1. ## Fermat's Theorem

I was wondering if someone might be able to look over my proof's involving Fermat's Theorem.

When n = 2p, where p is an odd prime, then a^(n-1)= a (mod n) for any integer a.
So let n=2p
We have a^(2p-1)
a^(2p)*1/a
a^2a^p*1/a
a^2*1/aa^p
a^(2-1)a^p
aa^p
Then from Fermat's Theorem, a^p=a mod p and thus a^(2p-1)=a(mod2p)

For n = 195 = 3 * 5 * 13, we have a^(n-2) = a (mod n) for any integer a.
Then we have a^193
Since 193 is a prime, we have a^193=a mod 193 by Fermat's Theorem and thus a^193=a (mod195)

2. Originally Posted by mathematic
I was wondering if someone might be able to look over my proof's involving Fermat's Theorem.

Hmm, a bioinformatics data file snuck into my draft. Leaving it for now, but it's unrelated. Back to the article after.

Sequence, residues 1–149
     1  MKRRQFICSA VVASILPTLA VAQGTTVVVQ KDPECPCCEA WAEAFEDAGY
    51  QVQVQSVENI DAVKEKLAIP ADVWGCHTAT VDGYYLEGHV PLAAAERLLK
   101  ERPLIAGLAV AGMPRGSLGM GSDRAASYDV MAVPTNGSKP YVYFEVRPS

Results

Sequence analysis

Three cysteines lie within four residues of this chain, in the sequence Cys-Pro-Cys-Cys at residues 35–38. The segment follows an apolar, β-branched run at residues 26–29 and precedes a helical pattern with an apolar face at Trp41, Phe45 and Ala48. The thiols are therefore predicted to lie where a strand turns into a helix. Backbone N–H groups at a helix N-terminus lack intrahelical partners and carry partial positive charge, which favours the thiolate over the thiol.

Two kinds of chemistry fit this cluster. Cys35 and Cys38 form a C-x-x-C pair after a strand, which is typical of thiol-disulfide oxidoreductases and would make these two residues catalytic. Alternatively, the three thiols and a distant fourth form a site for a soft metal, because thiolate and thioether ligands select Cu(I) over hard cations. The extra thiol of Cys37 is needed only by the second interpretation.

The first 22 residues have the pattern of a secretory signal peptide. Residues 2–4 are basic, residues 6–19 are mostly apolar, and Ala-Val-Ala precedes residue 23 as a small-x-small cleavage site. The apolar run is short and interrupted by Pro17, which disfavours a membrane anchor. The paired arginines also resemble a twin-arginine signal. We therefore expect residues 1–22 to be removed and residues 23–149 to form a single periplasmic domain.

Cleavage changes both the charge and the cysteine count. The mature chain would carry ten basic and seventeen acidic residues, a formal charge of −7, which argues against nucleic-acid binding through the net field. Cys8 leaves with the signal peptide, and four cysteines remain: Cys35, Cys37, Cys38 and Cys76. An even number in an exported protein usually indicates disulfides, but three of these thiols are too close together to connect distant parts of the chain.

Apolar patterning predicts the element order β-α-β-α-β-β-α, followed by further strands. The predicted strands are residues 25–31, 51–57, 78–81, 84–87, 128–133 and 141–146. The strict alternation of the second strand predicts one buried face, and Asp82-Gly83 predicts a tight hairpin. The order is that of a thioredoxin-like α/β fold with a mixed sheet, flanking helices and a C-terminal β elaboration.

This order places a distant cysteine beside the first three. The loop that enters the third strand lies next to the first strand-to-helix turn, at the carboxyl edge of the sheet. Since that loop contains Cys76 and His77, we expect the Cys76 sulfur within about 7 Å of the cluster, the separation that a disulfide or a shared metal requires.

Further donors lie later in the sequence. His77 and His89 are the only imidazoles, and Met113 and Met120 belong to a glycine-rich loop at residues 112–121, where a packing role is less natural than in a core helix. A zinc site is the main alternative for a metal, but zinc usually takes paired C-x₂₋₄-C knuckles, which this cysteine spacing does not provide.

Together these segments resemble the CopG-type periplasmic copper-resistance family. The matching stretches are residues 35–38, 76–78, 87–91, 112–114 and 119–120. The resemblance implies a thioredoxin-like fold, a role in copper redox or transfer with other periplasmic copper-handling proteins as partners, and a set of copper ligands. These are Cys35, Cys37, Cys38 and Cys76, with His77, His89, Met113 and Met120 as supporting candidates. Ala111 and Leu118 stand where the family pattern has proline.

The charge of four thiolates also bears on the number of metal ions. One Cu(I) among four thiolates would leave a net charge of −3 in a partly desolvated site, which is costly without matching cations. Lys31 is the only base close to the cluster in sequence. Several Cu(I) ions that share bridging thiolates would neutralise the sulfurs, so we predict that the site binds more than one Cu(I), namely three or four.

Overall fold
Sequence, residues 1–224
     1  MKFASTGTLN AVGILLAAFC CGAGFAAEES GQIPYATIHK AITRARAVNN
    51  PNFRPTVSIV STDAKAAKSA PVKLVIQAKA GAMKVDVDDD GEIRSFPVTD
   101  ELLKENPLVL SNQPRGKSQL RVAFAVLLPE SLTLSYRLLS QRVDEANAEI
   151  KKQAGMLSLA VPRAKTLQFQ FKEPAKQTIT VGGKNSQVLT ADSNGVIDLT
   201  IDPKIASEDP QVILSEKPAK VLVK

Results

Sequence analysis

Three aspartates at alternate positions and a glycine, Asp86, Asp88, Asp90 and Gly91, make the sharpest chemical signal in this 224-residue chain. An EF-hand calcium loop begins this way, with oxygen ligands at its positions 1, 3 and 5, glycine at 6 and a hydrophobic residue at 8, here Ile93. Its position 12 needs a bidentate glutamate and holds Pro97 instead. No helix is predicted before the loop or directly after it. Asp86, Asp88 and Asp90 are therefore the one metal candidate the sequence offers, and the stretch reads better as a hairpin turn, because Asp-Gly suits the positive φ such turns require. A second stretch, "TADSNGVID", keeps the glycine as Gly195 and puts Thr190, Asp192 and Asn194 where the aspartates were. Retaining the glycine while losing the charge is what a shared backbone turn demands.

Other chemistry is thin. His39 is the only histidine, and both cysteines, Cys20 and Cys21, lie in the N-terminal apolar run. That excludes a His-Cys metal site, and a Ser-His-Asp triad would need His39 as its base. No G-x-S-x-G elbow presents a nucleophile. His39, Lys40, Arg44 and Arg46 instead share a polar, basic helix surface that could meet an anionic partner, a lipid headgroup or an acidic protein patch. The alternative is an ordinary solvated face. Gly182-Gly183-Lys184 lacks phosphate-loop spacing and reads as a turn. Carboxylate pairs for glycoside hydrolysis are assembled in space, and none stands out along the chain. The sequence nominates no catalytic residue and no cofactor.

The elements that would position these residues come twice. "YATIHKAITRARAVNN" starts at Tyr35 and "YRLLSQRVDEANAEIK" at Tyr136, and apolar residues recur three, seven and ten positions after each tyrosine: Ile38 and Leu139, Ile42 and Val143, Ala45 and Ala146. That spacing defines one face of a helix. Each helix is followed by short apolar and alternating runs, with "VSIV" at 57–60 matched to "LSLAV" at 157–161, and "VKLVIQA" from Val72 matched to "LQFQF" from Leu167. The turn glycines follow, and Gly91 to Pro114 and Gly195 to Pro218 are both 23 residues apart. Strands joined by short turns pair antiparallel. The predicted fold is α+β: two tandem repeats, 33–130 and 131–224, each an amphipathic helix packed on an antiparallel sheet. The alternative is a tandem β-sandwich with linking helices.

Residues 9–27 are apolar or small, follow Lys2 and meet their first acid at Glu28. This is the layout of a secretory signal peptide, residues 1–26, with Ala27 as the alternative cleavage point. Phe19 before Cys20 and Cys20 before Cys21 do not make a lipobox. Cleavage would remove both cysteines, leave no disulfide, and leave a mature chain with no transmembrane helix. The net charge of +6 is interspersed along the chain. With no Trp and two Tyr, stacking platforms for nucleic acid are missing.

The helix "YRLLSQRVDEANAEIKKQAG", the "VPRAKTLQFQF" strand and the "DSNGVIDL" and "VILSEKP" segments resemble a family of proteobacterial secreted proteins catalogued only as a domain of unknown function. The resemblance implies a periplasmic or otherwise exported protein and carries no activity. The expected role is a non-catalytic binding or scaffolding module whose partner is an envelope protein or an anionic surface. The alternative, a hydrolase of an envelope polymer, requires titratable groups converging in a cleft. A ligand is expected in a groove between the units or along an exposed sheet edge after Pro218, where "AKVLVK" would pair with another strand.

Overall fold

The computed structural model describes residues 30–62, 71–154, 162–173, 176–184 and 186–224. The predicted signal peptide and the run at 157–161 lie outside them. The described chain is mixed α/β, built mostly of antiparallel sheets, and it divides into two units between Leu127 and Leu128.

When n = 2p, where p is an odd prime, then a^(n-1)= a (mod n) for any integer a.
So let n=2p
We have a^(2p-1)
a^(2p)*1/a

This last step is legal only if $\displaystyle a\neq 0\!\!\pmod n$

a^2a^p*1/a
a^2*1/aa^p

How?? Perhaps you meant $\displaystyle a^2\cdot\frac{1}{a}\cdot a^p$? Otherwise it's wrong.

a^(2-1)a^p
aa^p
Then from Fermat's Theorem, a^p=a mod p and thus a^(2p-1)=a(mod2p)

Don't get it: you had $\displaystyle aa^p$ ,and applying flt, you get $\displaystyle aa^p=a^2\!\!\pmod p$ . How

does this translate into modulo 2p?

Tonio

For n = 195 = 3 * 5 * 13, we have a^(n-2) = a (mod n) for any integer a.
Then we have a^193
Since 193 is a prime, we have a^193=a mod 193 by Fermat's Theorem and thus a^193=a (mod195)
.

3. so if a^(2p)*1/a isn't valid, how might I work around that?

Yeah I meant a^2*(1/a)*a^p